The Kayn connection is twofold. First, each of the 84 movements is a paradigm of the whole; the way each one behaves is, essentially identical, though the specific details are unique. Second, the range of materials used is relatively small, establishing a strong relationship between the different pieces, which are, in essence, sonic siblings. More on this in a moment. The ‘steady state’ connection is to do with this behavioural commonality, involving pairs of cycling loops. These loops are derived from a recording of Diepenmaat playing piano; this was split into seven tape loops, inserted into physical cassettes, which were then combined in pairs. Double Landscape is the product of the various possible combinations of these pairs. The cycling process of these loops quickly establishes in each piece a steady state, one that – unlike most of the examples discussed previously – has a distinct ambient quality, the resultant musical texture resulting from the coincidental ways in which the details of each loop impinge against each other. Both the serendipity of the process and the physicality of the medium are important to Diepenmaat, as he explains:

I like coincidence, so I made the rules to let the coincidence work. Besides the combinations, due to small differences in tape length the sounds move towards/apart from each other. Also tape hiss and the wear of the tape is audible in some of the tracks. I like it when it is alive like that.

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Altered (steady) states: Kenneth Kirschner – September 27, 2016/November 17, 2016; Markus Reuter – Falling for Ascension; Formuls – entryiseasierthantheexit_exit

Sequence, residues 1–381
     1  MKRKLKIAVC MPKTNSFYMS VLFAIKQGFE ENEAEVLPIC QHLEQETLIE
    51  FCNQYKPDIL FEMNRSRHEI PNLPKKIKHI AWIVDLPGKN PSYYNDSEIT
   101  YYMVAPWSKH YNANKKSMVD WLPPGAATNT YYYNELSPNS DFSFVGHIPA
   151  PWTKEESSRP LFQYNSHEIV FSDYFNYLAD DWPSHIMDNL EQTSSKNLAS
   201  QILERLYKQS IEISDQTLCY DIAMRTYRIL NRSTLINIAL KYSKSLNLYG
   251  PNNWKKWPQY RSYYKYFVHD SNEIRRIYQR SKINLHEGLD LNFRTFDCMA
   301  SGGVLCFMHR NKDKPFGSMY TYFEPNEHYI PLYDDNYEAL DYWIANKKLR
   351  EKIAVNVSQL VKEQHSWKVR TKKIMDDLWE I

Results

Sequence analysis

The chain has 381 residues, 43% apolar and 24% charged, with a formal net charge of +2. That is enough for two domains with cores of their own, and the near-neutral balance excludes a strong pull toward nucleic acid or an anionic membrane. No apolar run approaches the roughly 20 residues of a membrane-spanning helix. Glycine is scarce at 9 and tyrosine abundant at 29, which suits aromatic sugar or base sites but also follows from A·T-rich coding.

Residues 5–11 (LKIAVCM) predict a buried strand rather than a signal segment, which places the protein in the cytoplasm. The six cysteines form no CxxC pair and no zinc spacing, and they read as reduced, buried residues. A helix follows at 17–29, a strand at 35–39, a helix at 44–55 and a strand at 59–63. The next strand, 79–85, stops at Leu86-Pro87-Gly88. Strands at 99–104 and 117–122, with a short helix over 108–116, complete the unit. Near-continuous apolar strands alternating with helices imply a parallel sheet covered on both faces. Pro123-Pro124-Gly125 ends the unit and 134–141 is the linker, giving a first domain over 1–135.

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A few years ago, when writing an extensive monograph on the music of Kenneth Kirschner, i used the term ‘steady state’ to indicate the particular way in many of his works that material is deployed and juxtaposed over extended periods of time. This latter aspect, extended time, is vital: both as a compositional approach and a listening experience, it could be described as ‘macrospective’; what happens moment by moment is of secondary importance to its long-term structural dimension. However, what makes ‘steady statism’ – to coin a phrase – so engaging is the way we as listeners are pulled back and forth between focusing on the short- and long-term actions of the music, ever aware of its essential open-endedness yet nonetheless engaged by the shifting, possibly transient, ways it is manifested on the surface.

Steady statism has connections (roots even) to, among other things, 20th century US experimentalism and ambient music, two areas that have had and continue to have significant influence on contemporary music-making. In Kirschner’s case, it remains a key part of his musical language, demonstrated in several of his most recent works (all of which are available for free download from his website). In September 27, 2016, it’s articulated via widely-spaced miniature gestures – emanating from what sounds like piano, violin, vibraphone and/or glockenspiel: possibly real, probably synthetic – each one comprising a single pitch held for a short time. Not all of the instruments play in each gesture, and the length the pitches are held is not precisely exact in each instrument, but that’s by the by; the process the work undergoes is a simple, solemn statement of these micro-ideas, each one allowed to sound for only a few seconds before the music disappears back into the darkness. The silences are roughly between 20 and 40 seconds’ duration, meaning that most of September 27, 2016 is silent, yet to my mind this only gives each of these sonic motes more potency. And there are surprises too, such as when, nine minutes in, there suddenly appear to be many more string instruments present than we suspected. Fascinating and beautiful. Read more